July 20, 2012 8:27 pm

Time-Telling Oysters and Leap Seconds: Neil and the Nerdist Meet the Time Lords

When I found out that StarTalk was going to be one of the shows on Chris Hardwick’s new Nerdist Channel on YouTube, I was pretty stoked. You see, I’m a fan of The Walking Dead on AMC. After every episode, Chris Hardwick hosts a show called Talking Dead, where he and his celebrity guests discuss the creepy events that just transpired. Plus, of course Chris is also The Nerdist, creator of one of the most popular comedy podcasts of all time.

So I was looking forward to the episode of StarTalk called “Time Lords: The Science of Keeping Time” since Chris was the guest host. Of course, I got much more than I bargained for. Nerdist co-host Matthew Mira was there – and Matt may be one of Neil’s biggest fans in the whole world. And Bill Nye The Science Guy did a minute about time.

Image of astronomical clock from StarTalk Radio episode “Time Lords: The Science of Keeping Time” with Neil deGrasse Tyson and co-host Chris Hardwick

Astronomical clock at the Zytglogge tower in Berne, Switzerland. Albert Einstein lived near the Zytglogge when working at the patent office in Berne. While travelling on a tram away from the tower, he thought if the tram were going at the speed of light, the clock tower would remain on the same time, while his own watch would continue to tick – proving time was relative.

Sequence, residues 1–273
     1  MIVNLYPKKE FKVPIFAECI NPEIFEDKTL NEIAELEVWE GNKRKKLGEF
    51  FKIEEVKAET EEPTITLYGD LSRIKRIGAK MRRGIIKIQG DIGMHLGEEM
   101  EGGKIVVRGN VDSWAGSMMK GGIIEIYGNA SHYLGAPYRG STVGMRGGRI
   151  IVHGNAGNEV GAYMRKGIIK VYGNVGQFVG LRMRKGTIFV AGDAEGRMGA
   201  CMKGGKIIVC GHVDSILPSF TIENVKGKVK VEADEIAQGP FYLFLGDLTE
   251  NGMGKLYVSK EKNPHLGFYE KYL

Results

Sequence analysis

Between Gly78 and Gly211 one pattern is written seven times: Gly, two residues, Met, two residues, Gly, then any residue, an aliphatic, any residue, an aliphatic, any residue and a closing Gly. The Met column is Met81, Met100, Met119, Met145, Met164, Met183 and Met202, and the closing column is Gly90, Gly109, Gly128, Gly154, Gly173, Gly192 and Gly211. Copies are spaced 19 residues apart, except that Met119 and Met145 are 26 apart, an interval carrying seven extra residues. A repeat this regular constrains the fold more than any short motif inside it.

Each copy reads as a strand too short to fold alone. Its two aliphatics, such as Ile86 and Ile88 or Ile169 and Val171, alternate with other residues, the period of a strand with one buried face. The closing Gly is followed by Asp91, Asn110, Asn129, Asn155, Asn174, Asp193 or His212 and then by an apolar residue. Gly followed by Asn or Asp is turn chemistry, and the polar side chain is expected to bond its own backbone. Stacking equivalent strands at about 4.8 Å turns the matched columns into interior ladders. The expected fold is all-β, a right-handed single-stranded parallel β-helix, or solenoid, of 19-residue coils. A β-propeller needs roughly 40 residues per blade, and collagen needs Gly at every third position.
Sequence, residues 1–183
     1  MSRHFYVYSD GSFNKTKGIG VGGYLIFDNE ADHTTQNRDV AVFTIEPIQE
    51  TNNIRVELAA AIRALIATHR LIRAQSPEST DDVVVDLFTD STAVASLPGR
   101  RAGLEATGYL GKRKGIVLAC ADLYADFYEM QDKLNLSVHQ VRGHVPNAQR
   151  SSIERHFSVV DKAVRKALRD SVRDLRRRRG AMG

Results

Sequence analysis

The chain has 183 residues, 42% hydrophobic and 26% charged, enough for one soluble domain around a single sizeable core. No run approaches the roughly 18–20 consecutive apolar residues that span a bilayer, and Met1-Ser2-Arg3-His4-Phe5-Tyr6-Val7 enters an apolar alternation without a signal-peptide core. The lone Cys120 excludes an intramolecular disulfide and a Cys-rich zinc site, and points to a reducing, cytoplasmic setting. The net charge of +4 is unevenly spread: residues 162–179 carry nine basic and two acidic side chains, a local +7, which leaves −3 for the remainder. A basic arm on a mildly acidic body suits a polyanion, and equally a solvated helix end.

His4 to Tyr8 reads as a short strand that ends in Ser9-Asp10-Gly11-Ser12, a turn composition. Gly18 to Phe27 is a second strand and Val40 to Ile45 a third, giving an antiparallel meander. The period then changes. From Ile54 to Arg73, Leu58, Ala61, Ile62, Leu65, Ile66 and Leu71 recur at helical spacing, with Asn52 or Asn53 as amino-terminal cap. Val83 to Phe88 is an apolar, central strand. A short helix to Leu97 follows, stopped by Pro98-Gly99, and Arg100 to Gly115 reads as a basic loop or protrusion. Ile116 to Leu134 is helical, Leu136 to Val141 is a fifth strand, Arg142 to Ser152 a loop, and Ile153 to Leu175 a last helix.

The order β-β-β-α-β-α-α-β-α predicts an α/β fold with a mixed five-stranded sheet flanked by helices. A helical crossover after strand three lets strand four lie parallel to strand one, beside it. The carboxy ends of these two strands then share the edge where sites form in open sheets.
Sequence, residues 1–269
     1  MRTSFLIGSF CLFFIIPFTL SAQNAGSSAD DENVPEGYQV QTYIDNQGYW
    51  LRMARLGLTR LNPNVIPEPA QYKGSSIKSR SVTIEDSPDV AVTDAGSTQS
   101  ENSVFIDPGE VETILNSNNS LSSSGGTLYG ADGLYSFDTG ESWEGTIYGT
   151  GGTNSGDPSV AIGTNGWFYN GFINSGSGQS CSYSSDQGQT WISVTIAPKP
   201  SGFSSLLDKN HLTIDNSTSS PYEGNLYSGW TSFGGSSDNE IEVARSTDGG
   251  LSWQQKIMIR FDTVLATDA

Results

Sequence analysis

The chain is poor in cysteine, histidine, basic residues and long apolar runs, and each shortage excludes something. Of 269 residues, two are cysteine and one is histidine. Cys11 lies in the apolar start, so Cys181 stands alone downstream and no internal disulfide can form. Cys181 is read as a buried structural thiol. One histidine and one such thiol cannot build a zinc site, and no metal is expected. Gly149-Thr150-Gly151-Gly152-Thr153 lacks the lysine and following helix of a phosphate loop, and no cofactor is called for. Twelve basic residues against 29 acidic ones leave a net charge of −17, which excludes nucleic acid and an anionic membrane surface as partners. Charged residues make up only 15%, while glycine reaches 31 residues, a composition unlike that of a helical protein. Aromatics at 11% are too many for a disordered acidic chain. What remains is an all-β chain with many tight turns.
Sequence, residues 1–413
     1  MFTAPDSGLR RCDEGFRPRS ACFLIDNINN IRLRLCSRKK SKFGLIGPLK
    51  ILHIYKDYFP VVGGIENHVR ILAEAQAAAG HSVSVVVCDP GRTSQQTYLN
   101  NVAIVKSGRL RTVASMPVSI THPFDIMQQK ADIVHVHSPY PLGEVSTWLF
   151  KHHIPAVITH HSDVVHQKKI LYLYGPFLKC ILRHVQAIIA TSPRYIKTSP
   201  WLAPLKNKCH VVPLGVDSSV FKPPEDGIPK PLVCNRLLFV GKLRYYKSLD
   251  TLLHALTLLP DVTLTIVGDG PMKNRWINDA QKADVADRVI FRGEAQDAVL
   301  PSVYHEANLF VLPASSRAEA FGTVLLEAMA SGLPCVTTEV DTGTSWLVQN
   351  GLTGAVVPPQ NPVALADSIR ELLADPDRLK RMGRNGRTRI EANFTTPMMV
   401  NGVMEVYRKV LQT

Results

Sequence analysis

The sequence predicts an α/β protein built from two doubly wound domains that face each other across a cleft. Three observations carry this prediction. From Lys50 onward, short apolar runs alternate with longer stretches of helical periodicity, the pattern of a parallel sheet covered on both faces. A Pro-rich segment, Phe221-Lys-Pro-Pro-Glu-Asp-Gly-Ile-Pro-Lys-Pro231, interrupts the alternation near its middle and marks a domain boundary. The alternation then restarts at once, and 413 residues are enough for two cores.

I came for the Hardwick, but I stayed for the guests, some very serious time-scientists:

Talk about some mind-bending stuff, from relativity to time-telling oysters. Professor Aveni, who wrote a book about the Mayan calendar and the end of the world, talks about why the Mayan apocalypse isn’t really as much of a concern as some people make it out to be. Frank Reed, a real-life time lord, discusses how the physics of our world affects the keeping – and the passage – of time. (If you live on the equator, you age more slowly than if you live in Alaska. Really.) And Robert Seaman talks about how long days actually are, and why “leap seconds” are critically important for astronomy and for time synchronization in our hyper-technological world.

Did you know that 23 leap seconds have been added to our calendar since 1972? Or that the entire GPS system will need to be fixed if we eliminate leap seconds? I do now.

If you’re a Whovian, you ‘ll enjoy the Dr. Who references dropped throughout the show, and yes, there is a TARDIS, but don’t expect a serious Who-fest.

But for me, the coolest thing of all about this episode, cooler even than the time-telling oysters, was Neil’s story about how and why Pope Gregory replaced the Julian calendar with the Gregorian Calendar, the most accurate calendar we’ve ever made. (Why so cool? Because when I met Neil, he told me the full story, and so as I listened to Neil tell the story on the show, I started jumping up and down saying, “Neil told me that… Neil told me that.” Luckily, since it was two in the morning, there were no witnesses. And you wouldn’t tell anyone, would you?)

That’s it for now.

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